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A few random points related to messages from the last few days.
(First, a "meta" point - whenever I post to this list, I get from
3 to about 10 messages over 2 or 3 days reporting on delivery errors.
It would be nicer if these went to someone else. Some of the messages
include as many as 20 or 30 names of list subscribers who were apparently
included in the same "outgoing batch" as the bounced mail.)
On PGP key verification: I understand that Branko hopes to get version
2.1 of PGP out in a week or so. One of the new features will be a
mode to display a MD5 hash of each PGP key to facilitate read-aloud
over the telephone. This should make it easier to phone-verify PGP
keys, so we can have more _good_ sigs.
On pseudonyms and reputations: Several people have suggested that it
would be easy to conjure up dozens of fake personalities who would
then vouch for each other, giving the illusion of a well-founded and
trusted pseudonym. This would be ideal for con men and cops.
This can be defeated by the use of the is-a-person credential, which
Chaum describes in a couple of his papers, including CACM Oct 1985.
This is a signed document given by an organization which makes you
come in and give your thumbprint. The document is "re-blinded" a la
Chaums' proposals for electronic cash, so that there can be no linkage
between your is-a-person document and your actual thumbprint. However,
the thumbprint makes it so you can't get more than one is-a-person
Now, when you go to apply for credit, and you say, here are signatures
from dozens of people that I've done business with in the past, and
I've paid them all off on time, the first thing the creditor is going
to ask is, who are all these people? Are they legit? Can you at
least show me is-a-person creds on them? You won't be able to. You
only have one is-a-person credential, and you can't make more.
Again, these credentials do _not_ hurt crypto anonymity. There is no
linkage between your credential and anything else about you.
On electronic banking: The interesting thing about electronic banking
is digital cash. The key feature of digital cash is anonymity of
payments. There is nothing subversive about this. Ordinary cash
has (nearly) this property. Are you being subversive when you buy
a newspaper without paying by check or credit card? Of course not.
The point is, we want to use digital payments so that we can transact
business over the net. But the more things get computerized, the more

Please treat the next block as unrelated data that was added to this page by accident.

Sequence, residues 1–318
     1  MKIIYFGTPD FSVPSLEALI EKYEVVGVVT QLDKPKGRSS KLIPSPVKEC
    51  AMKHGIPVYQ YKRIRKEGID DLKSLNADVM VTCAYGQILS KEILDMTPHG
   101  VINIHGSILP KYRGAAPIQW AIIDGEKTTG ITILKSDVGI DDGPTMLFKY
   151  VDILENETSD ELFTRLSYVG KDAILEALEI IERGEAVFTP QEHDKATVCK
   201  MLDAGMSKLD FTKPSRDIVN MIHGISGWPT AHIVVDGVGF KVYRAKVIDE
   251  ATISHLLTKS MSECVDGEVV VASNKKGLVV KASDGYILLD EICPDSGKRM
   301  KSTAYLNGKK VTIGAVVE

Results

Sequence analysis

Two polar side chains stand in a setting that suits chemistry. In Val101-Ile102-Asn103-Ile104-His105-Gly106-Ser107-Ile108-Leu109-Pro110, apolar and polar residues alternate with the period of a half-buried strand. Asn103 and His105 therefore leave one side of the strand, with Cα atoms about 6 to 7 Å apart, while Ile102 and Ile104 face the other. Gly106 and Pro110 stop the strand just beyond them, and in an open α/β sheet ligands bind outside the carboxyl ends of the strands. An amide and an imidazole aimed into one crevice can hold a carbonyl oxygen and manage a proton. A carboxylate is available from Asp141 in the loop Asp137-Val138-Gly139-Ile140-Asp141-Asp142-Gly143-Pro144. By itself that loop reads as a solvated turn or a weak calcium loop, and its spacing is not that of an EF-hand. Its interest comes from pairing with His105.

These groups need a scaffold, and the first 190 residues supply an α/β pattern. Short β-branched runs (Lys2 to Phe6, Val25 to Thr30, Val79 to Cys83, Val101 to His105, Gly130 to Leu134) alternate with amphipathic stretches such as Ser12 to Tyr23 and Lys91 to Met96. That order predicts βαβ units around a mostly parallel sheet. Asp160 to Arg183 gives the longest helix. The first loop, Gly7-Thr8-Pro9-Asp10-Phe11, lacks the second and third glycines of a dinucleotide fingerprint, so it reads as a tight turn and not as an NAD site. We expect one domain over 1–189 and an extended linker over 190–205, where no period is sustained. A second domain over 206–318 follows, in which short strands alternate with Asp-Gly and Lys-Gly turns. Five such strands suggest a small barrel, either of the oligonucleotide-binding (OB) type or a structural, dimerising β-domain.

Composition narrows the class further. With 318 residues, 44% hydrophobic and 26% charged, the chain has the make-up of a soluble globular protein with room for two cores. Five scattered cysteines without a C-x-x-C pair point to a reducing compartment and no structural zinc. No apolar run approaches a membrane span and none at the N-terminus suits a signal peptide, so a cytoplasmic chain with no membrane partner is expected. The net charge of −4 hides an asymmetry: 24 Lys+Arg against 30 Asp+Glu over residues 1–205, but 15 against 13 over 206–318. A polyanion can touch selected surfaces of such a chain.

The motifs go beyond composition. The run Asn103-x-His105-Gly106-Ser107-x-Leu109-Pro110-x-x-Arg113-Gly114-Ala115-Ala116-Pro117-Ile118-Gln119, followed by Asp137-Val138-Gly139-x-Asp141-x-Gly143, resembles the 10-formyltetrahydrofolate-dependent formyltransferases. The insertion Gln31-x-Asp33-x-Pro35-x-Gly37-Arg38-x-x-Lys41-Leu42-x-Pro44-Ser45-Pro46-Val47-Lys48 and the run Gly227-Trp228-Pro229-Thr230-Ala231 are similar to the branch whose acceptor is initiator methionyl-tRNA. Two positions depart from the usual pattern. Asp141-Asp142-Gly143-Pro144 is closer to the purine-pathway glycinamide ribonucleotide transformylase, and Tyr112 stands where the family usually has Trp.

possible forms of monitoring there are, by businesses as well as gov-
ernments. There's nothing immoral in trying to keep VISA from knowing
whom I like to do business with. Digital cash is designed to allow
the convenience of electronic shopping, while keeping the privacy of
ordinary cash payments. Conceptually, it's a simple idea.
Technically, what has to be done to turn an electronic banking proposal
such as Don Bellenger's into electronic cash is some way to make it
so that withdrawals can't be paired up with deposits. You also need,
of course, to prevent cheating such as spending the same piece of cash
twice. It's not trivial to meet these requirements. The Chaum proposal
I described is the simplest one that I know of that achieves this.
On remailers: I haven't yet succeeded in doing a doubly-encrypted
remailer test using Bill O'Hanlon's and mine. Once this works, I'll
post instructions on how to do this, and possibly a script or two to
make it easier. With two encrypted anonymous remailers, you can for
the first time send anonymous messages such that no one person can
know whom you are sending to. Bill and I would have to collude to find
out who sent a particular anonymous message. If more such remailers
can start operating, such collusion will become that much more difficult.
On John Draper: I just wanted to say publically that the famous
"Captain Crunch" was an inspiration to me when I was in college in the
1970's. Although I did not become a "phone phreak" or "cracker" he
represented to me the spirit of questioning authority and exploring
beyond the accepted bounds of the system. I have followed his career
to some extent over the years and I think he has more than paid for
any sins he may have committed in his youth. I for one am thrilled
to have the idol of my younger days on the list.